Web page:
An organisational and consumer perspective on bottom of the pyramid (BOP) markets

Jayawickramarathna, W 2018, An organisational and consumer perspective on bottom of the pyramid (BOP) markets, Doctor of Philosophy (PhD), Economics, Finance & Marketing, RMIT University.


Document type: Thesis
Collection: Theses

Attached Files
Name Description MIMEType Size
Jayawickramarathna.pdf Thesis application/pdf 6.20MB
Title An organisational and consumer perspective on bottom of the pyramid (BOP) markets
Author(s) Jayawickramarathna, W
Year 2018
Abstract The inception of the bottom of the pyramid (BOP) market concept emphasised the immense buying power hidden in emerging markets, which was a prospect for large organisations to share mutual opportunities while alleviating poverty. Researchers have analysed both sides of the coin individually: the organisational perspective with business models and strategies; and the consumer perspective through various marketing strategies and consumer characteristics. This thesis examines both organisational and consumer perspectives on the BOP market in Sri Lanka using a sequential mixed-method approach aligned under four phases of studies. The findings of the qualitative studies on organisational perspective confirm the market opportunities for large companies, particularly in the rural BOP market, but also find that the focus of alleviating poverty is lacking among practitioners. The role of government as a stakeholder is essential for an effective implementation of a business model in this specific market. The consumer perspective on this shared agenda reveals many underlying issues embedded in consumers' lives, such as the youth and women job market problems, religious syncretism, alcoholism and the poverty penalty, which limit the capacity for consumption. The survey study phase on consumer resource integration finds that the use of consumer knowledge and competencies to manage limited tangible resources is at a lower level in BOP markets. Reconciliation of both standpoints leads to the conclusion that careful consideration for truly helping the poor is vital for a strategic view on `sharing the fortune' in BOP markets. An attitudinal change is required on both edges to view the collective benefits accessible to all stakeholders. The study provides several key implications for marketing practitioners and policy-makers through a shared view of the BOP market.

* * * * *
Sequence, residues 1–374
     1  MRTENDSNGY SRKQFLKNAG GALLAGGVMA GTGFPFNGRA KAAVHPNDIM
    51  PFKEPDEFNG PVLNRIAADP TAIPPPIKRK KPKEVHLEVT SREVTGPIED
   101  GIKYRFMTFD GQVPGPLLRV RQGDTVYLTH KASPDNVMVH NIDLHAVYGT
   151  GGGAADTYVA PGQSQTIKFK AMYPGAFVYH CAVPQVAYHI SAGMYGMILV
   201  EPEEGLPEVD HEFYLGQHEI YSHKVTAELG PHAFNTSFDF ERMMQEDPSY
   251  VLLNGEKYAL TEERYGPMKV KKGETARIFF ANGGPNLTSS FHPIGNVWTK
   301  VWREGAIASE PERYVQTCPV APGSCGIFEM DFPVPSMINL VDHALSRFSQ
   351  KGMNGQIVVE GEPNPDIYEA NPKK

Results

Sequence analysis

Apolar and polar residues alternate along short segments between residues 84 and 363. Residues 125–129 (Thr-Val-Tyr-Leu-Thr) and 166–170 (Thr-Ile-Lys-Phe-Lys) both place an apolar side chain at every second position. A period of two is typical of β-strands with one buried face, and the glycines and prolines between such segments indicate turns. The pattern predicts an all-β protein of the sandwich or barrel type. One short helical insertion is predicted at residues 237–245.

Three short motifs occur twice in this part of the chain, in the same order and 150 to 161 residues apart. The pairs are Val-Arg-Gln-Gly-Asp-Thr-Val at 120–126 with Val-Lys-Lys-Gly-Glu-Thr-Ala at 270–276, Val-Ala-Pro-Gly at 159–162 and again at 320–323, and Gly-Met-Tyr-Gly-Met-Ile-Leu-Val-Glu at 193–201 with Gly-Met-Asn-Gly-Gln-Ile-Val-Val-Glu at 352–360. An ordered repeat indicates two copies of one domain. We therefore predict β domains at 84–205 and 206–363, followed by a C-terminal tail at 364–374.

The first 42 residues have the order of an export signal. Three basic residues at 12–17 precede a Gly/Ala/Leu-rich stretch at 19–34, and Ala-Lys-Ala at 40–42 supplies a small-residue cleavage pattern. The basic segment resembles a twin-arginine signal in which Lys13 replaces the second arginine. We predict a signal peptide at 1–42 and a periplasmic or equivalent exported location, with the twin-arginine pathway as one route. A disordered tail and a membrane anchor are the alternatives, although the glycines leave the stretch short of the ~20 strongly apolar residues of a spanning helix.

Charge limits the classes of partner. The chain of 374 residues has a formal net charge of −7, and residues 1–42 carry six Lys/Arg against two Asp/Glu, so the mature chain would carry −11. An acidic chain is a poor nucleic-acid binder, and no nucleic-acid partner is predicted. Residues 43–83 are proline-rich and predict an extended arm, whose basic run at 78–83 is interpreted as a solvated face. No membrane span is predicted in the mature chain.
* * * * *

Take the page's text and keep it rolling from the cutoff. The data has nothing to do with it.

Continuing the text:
Degree Doctor of Philosophy (PhD)
Institution RMIT University
School, Department or Centre Economics, Finance & Marketing
Subjects Consumer-Oriented Product or Service Development
Keyword(s) Bottom of the pyramid (BOP) market
Institutional perspective
Consumer behaviour
Poverty penalty
Consumer resource integration
Sri Lanka
Versions
Version Filter Type
Access Statistics: 56 Abstract Views, 74 File Downloads  -  Detailed Statistics
Created: Tue, 14 May 2019, 15:04:59 EST by Adam Rivett
© 2014 RMIT Research Repository • Powered by Fez SoftwareContact us